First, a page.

I was gently advised, regarding my remark about Jesus being my Teacher, that Jesus is not merely a Teacher, but that He is the Son of God. Yes, I heard that before. Someone sought to give us a picture of God by stating that He knows what’s beyond the heavens and the earths (yes, there are several of them) and the preservation of them tires Him not. Now, please, how do I track down such a Being to verify details of His offspring? Clearly He is Infinite. And here my use of He is finite, as it limits God to a certain gender, but I am using it because if facilitates this communication. One of the reasons He is called God is because He is perpetually elusive. Every time you think you’ve got Him figured, oop! you don’t. Look, my neighbours kept me up late one night because they were tracking down the Infinite using the name Shiva. They kept calling for Him over and over as if He is a hard-of-hearing child. They called softly, loudly, with chant, with music, they called and called. Then they were silent and I went to sleep. I sincerely hope that He actually came and that their silence was a show of reverence for His presence, and not because the service was over. Had He shown up, they would have been busy asking for prosperity in its various forms, not inquiring of His sons and daughters.
And that’s the case with Jesus and I. Whenever we get together, His presence is so overwhelming (some men have that effect) that I have never thought to ask whether He has parents or siblings. Never once has He behaved as if He has an identity crisis, so I would like to believe that both of His parents contributed to His development. Hence, to call him the Son of God is rather bias as that draws attention to His Father and leaves His Mother in the shadows. Given that the mother is the first teacher of a child, He could well be who He is today because of the contributions of His Mother. So, it is likely that He is the Son of Goddess. Anyway, life is personal. If Jesus is the Son of God to you, bless you. If He is a Teacher to me, I would hope that that is sufficient to incur some blessings too.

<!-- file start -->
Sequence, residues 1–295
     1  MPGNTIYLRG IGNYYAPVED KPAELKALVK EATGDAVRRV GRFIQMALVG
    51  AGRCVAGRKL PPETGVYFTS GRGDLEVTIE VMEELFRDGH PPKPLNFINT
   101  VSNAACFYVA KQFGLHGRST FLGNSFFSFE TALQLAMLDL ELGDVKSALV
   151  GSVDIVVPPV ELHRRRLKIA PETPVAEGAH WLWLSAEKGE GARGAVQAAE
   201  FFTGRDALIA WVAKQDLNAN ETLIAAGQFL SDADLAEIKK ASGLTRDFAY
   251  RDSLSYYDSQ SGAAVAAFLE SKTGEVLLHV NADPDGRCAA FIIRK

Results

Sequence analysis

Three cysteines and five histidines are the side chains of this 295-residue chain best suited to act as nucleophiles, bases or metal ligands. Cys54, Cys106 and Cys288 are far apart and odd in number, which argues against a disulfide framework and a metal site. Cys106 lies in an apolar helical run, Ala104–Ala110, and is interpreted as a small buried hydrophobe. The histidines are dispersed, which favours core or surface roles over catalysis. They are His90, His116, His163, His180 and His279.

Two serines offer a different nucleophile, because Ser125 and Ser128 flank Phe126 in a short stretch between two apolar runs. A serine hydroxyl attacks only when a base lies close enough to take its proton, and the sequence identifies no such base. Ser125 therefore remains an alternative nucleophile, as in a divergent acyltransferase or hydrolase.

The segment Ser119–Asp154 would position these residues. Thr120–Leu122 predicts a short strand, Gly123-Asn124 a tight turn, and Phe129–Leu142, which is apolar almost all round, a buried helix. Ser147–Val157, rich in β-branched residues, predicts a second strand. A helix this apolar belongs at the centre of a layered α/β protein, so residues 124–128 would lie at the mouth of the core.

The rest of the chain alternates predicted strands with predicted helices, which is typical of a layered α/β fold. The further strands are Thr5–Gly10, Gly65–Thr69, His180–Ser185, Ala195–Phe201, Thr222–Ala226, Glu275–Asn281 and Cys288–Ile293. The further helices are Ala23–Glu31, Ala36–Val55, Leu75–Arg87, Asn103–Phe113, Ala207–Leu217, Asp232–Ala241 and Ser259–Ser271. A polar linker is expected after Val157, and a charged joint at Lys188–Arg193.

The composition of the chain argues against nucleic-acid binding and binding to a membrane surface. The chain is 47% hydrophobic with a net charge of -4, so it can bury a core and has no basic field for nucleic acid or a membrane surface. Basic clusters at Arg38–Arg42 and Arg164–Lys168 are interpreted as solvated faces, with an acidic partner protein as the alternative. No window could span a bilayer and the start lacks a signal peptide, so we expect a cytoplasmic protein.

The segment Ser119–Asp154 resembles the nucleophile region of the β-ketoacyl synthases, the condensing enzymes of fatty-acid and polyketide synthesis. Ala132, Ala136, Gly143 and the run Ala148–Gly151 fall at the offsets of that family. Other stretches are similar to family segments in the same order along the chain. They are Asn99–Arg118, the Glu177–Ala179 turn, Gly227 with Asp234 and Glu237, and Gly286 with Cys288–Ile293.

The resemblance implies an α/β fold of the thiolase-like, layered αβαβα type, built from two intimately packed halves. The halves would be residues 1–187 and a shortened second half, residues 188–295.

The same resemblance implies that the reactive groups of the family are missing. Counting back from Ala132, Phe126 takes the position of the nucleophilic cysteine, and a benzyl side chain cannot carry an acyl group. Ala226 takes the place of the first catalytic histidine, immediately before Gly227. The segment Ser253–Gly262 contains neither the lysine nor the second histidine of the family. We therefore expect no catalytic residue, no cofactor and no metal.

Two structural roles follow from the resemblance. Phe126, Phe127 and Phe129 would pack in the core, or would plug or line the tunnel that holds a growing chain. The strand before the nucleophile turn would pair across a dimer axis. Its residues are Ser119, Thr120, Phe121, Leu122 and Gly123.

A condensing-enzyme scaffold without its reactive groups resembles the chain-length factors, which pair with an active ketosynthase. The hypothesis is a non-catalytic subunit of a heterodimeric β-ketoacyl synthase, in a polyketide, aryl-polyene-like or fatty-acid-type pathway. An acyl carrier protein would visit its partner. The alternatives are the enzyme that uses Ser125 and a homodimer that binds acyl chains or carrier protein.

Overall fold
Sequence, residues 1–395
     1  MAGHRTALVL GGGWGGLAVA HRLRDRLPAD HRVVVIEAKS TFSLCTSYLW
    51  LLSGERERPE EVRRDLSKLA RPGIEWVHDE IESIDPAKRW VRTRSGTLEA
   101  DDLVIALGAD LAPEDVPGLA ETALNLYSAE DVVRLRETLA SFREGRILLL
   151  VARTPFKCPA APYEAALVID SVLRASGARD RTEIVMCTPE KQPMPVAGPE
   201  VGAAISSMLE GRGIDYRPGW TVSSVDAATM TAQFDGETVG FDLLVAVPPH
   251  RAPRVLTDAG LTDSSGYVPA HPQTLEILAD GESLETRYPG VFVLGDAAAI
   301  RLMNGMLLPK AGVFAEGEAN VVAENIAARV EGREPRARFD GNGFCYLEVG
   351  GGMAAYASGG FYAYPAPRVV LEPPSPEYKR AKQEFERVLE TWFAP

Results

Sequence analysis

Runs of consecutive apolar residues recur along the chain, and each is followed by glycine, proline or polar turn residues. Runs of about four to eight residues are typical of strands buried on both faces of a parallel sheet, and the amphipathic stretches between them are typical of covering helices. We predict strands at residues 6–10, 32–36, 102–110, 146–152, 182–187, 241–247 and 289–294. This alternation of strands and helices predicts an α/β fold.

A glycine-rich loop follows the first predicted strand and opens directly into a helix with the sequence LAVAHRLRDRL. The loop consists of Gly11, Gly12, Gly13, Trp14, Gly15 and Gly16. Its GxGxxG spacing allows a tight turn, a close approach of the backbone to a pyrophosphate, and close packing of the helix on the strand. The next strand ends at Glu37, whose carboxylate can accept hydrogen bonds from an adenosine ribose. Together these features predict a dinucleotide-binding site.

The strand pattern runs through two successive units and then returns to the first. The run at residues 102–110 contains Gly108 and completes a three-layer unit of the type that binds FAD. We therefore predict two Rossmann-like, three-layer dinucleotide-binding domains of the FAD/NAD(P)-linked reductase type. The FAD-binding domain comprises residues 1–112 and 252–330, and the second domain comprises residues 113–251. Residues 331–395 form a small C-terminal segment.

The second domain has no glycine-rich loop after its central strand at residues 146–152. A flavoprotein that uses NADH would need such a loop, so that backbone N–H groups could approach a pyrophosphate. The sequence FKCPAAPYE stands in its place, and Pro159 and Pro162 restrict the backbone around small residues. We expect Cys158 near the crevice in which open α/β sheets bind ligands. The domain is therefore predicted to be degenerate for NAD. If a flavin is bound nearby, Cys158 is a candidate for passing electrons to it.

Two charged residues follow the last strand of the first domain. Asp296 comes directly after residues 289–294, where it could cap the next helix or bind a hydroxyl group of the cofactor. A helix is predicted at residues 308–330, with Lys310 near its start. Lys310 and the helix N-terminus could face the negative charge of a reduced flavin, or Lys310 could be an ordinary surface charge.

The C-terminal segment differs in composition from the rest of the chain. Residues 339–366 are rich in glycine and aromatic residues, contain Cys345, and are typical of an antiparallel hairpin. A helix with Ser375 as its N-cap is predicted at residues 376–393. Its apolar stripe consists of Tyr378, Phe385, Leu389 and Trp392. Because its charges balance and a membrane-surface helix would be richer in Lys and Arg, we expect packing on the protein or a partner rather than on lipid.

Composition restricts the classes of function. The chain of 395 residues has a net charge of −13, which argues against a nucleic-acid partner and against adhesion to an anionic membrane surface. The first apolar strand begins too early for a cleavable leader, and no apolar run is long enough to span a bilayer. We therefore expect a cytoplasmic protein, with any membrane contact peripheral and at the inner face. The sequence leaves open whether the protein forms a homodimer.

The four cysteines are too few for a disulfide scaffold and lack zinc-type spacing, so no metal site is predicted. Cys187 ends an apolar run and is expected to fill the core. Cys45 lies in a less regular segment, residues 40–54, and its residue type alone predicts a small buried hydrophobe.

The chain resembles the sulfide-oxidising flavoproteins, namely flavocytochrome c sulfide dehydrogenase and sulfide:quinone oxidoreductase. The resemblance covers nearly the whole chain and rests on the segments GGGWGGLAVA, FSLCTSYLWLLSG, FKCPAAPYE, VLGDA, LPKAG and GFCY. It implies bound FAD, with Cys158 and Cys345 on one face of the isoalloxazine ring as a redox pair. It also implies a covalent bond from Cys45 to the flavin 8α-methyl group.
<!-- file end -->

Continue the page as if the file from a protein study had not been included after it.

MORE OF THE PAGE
Years ago I was introduced to a woman who is very serious about her God. She is usually up by 4am each day to praise Him. She could be heard humming as she shuffles around the house and yard doing her chores. He became her everything after her husband left her with three children. It was He who inspired her to babysit for the neighbours at a small fee which aided her financial state. Her children showed their gratitude in many ways, and one was excelling at school. They all turned out to be adults she is proud of. Now, one week before her 79th birthday, her son called me to find out what is the most palatable way to cook Carili. I suggested stuffed carili (with well-seasoned chunks) cooked in coconut milk, then waited for his reason for asking. His mother was recently diagnosed with Breast Cancer and he has been working with her to change her diet rather than shuttling her off to Chemotherapy. And the age old question came to mind: why is it that God’s children are made to suffer these ills? Questions, questions, questions. We ripe and ripe, then we rot and rot, and it seems to matter not what instigates our rotting, so long as we lay the body down and go home. There is the saying that we should not pray for a sick person, but rather ask them to pray for us. We are drawn closer to God during our sickness. There is greater intimacy and sincerity (partly) because of our uncertainly as to whether we will live to see another day. So just in case we don’t, our relationship with God is fortified in our bid to ensure that His arms embrace us when we slip from this life. During our sickness we do not pray once in the morning and once before bed at night. We pray all the time, constantly calling on Him to heal us, so that the communication (and by extension, relationship) between God and us is greatly improved.